However after our usual three nights it was time to move on. Driving further south, and looking for a campsite with wifi we stopped at Poindimie. Although we didn't get to kayak out to a nearby small island for snorkelling as planned we had no trouble finding things to do. We spent a day playing in the waves at the beach (its rare to have waves here because of the barrier reef). The rock pools ten steps from the tent were super interesting - loads of fish, sea cucumbers, crabs, birds, and I was even startled by an eel hunting its dinner. It was a great spot but we were disappointed to not have hot showers (it had been a long time with cold, and we were paying for them) and more worrisome was that we could see and smell sewage leaking out into the rock pools during low tide to be dispersed when the water came up. Yuck! I had expected better of these operators.

Our plan was to keep driving down the coast to get to Thio, which had more great Marine wildlife and a chance to see Dugongs up close. But to do so would have taken us though some terrible roads. Its only one way traffic alternating north or south by the hour. The decision was made for us however when they officially closed the road for repairs. We drove as far as we could through some huge nickel mines right adjacent to the lagoon and crossed the mountains back to the west coast. The first place we drove to had a locked gate and appeared closed, and it was getting dark by then, so we quickly pulled into the municipal camgound in Sarramea. This turned out great. It wasn't busy, had nice bathrooms, power and was only 1500 francs a night (~$15). I loved the fragrant air, flowering trees and birdsong here.

We are now tucked into a Gite in Bourake Bay packing and getting ready for New Zealand. Kids are enjoying 'educational' french TV. I think weve covered much the Grand Terre and still there are things we would like to do - more hiking, snorkelling, swimming and soaking up the sunshine.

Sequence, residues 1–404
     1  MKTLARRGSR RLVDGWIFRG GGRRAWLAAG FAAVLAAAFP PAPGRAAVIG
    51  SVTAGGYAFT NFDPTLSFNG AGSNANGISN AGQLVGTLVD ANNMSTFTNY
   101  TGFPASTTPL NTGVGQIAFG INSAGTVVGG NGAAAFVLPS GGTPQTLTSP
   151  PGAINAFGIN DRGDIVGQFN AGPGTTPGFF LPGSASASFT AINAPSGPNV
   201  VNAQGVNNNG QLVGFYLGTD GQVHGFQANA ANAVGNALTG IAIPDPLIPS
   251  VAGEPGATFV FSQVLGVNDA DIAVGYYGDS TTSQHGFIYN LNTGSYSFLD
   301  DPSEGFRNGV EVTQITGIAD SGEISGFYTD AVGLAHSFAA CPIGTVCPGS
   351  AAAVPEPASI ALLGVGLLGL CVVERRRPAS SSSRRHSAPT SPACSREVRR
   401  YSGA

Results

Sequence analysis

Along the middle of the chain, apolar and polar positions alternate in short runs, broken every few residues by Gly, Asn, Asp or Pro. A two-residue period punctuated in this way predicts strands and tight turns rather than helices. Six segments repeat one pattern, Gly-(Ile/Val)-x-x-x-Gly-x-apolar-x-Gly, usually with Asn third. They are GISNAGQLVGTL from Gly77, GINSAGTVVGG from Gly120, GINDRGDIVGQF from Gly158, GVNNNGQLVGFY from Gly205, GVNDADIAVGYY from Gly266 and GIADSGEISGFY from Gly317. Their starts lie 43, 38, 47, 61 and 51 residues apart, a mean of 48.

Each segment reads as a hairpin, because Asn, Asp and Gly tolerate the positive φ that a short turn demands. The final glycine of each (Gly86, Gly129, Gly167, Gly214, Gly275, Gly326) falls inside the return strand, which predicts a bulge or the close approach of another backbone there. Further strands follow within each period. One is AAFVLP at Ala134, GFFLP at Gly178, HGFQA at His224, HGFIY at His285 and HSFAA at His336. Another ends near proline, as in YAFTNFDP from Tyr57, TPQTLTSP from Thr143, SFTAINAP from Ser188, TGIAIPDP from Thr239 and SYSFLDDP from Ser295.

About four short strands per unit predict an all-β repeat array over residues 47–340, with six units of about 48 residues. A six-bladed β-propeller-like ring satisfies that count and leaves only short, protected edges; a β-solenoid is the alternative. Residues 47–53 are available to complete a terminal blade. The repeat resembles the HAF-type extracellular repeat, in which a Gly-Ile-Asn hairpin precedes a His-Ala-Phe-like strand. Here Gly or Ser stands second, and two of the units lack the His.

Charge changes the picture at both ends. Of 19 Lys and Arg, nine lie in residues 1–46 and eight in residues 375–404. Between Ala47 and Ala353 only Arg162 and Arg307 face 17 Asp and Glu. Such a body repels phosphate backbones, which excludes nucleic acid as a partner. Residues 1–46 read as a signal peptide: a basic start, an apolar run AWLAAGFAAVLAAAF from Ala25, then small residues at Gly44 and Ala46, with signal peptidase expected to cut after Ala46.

I know we are big geeks when it comes to nature, so I tried to include more pictures of places and other interests. If i havent said it already, many thanks to our Pembina friends for the awesome camera.

Off to New Zealand on Saturday where we are excited to be met by friends

Posted by Arin MacDyer 18:43 Archived in New Caledonia

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Comments

What an adventure!! Everyone looks happy and healthy - keep it up!Great photos!

by arlene

Hi Neighbors, New Caledonia looked amazing, pristine and diverse. How much fun was that! Caving, kayaking; the kids are getting enough credits in outdoor ed to get their degree!! And how liberating to not have work responsibilities, you adults!

Ok, New Zealand here you come; looking forward to hearing all about it. Jack will respond to James' informative and thoughtful blog, promise.

No snow for Halloween and no snow in forcast! So far so good :) Hugs all around, Lisa

by Lisa Estabrook

Hi James and Neve,
It is Piper I miss you soooooo much.I love the pictures I miss your mom and dad too. I am with grandpa looking at your pictures. Tomorrow is my mom's birthday and we are making a surprise supper for her.
Miss you soooo much!
Piper

by Al macfarlane